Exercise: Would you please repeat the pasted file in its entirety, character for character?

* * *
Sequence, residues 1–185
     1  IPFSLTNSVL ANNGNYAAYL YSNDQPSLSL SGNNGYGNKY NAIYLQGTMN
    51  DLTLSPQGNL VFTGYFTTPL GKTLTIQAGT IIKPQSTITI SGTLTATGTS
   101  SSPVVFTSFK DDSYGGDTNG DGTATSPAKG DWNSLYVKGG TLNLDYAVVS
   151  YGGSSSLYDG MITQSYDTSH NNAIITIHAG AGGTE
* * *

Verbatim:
Sequence, residues 1–185
     1  IPFSLTNSVL ANNGNYAAYL YSNDQPSLSL SGNNGYGNKY NAIYLQGTMN
    51  DLTLSPQGNL VFTGYFTTPL GKTLTIQAGT IIKPQSTITI SGTLTATGTS
   101  SSPVVFTSFK DDSYGGDTNG DGTATSPAKG DWNSLYVKGG TLNLDYAVVS
   151  YGGSSSLYDG MITQSYDTSH NNAIITIHAG AGGTE